US TROOPS ARRIVE IN MACEDONIA An advance contingent of 16 American troops arrived in Macedonia yesterday to join a United Nations peacekeeping force that hopes to prevent the spread of war to the former Yugoslav republic. The main group of about 300 soldiers is to follow in about a week on orders of President Clinton, who sent the first US ground unit to former Yugoslavia to monitor conditions in Macedonia, considered the next possible flashpoint in the Balkans. Wearing blue UN berets, the troops from the US Army's Berlin Brigade left G ermany for the flight to Skopje, the capital of Macedonia. They join a force of 700 mostly Scandinavian peacekeepers deployed along Macedonia's 260-mile border with Albania to the west and the Yugoslav republic of Serbia to the north. UN team leaves Iraq
UN weapons experts pulled out yesterday in a new standoff with President Saddam Hussein's government over its refusal to allow the installation of surveillance cameras at missile testing sites.
Baghdad says it does not oppose installing the cameras, but wants assurances that compliance with the monitoring program would lead to lifting UN sanctions imposed after Iraq invaded Kuwait in August 1990. UN officials suspect Saddam may have as many as 100 surface-to-surface missiles hidden; the US puts the figure as high as 200. Tempers cool in Belfast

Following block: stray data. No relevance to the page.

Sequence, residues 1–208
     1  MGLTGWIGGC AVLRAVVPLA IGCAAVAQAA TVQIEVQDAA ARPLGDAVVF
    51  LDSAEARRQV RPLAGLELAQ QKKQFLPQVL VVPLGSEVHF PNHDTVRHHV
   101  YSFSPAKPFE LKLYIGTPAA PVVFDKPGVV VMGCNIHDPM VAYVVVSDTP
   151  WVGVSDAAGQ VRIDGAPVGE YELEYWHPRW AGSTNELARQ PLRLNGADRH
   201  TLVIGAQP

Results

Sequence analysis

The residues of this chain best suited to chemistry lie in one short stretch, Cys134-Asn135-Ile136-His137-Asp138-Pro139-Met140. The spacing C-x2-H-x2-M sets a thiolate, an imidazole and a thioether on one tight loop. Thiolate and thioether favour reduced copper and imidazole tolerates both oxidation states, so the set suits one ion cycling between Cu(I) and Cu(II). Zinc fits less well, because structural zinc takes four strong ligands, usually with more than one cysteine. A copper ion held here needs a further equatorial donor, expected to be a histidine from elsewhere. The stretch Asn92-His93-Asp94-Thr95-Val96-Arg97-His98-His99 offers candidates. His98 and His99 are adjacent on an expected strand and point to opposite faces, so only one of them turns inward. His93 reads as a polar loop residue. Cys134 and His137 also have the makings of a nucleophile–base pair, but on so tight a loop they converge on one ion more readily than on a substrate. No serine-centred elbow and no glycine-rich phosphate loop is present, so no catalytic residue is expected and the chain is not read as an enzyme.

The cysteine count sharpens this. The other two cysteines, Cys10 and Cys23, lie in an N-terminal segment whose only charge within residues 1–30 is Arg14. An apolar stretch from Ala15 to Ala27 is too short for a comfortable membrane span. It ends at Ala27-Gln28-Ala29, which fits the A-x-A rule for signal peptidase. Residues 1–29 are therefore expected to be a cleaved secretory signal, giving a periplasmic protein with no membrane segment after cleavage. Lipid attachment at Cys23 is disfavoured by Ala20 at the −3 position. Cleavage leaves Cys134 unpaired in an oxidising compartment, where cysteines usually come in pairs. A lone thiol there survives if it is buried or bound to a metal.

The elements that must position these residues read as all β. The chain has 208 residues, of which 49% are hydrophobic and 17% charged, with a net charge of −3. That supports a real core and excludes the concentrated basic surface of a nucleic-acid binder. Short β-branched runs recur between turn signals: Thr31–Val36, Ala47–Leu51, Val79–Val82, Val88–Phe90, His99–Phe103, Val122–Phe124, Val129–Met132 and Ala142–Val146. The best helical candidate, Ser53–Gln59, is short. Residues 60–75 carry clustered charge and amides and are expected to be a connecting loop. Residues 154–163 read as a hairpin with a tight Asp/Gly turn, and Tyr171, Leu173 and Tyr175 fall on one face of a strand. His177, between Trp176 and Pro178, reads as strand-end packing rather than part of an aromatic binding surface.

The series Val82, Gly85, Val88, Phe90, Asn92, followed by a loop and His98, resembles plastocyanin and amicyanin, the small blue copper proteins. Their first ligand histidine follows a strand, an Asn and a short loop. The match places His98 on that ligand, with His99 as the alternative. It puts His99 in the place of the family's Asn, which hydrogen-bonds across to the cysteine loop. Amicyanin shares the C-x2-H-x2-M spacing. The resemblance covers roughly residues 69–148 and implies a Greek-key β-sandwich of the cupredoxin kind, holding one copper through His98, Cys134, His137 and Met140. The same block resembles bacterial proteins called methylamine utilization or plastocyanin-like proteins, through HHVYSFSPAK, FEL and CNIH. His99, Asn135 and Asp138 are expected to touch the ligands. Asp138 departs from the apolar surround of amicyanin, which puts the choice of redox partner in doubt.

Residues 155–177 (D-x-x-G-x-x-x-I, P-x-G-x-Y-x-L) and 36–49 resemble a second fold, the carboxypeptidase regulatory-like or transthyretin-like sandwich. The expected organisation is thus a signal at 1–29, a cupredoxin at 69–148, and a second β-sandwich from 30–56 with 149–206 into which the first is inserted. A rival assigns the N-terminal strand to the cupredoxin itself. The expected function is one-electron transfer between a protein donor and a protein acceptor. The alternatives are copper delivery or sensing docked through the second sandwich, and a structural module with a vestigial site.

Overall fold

Tensions eased on the streets of Belfast yesterday after a weekend of rioting that police called the worst civil unrest in the British-ruled province in years.
At least 17 civilians and two policemen were injured when pro-British loyalists, protesting treatment by police, rampaged in mainly Protestant neighborhoods Friday and Saturday. The rioting began after Friday's funeral of Brian McCallum, a member of the outlawed Ulster Volunteer Force, a Protestant paramilitary group. McCallum was killed June 26 when a grenade he was carrying went off prematurely. Loyalists have complained of police harassment and objected to police plans to reroute annual Protestant par ades to avoid Roman Catholic neighborhoods. Puerto Rican statehood?
Gov. Pedro Rossello on Sunday authorized a popular vote that he hopes will result in statehood for Puerto Rico, which came under US control nearly 100 years ago. The Nov. 14 vote gives Puerto Ricans the chance to say whether they want to become the 51st state of the union, remain a US commonwealth, or establish an independent country.
The vote is non-binding. But Rossello's New Progressive Party, betting voters will favor statehood, plans to use the results to convince the US Congress to admit Puerto Rico as a state. Guatemalans killed
Gunmen killed a prominent Guatemalan politician in an ambush after a meeting with ruling party allies, officials said. The killing of Jorge Carpio Nicole, a two-time presidential candidate and cousin of President Ramiro de Leon Carpio, occurred in Molino del Pesoro, about 75 miles northwest of Guatemala City. Three others died in the attack.
Guatemala has been plagued for decades by political murders, but Carpio is the most prominent figure to be killed in recent years. Newly elected President De Leon Carpio has said he would continue efforts to end the 33-year civil war. The conflict has left more than 120,000 people dead.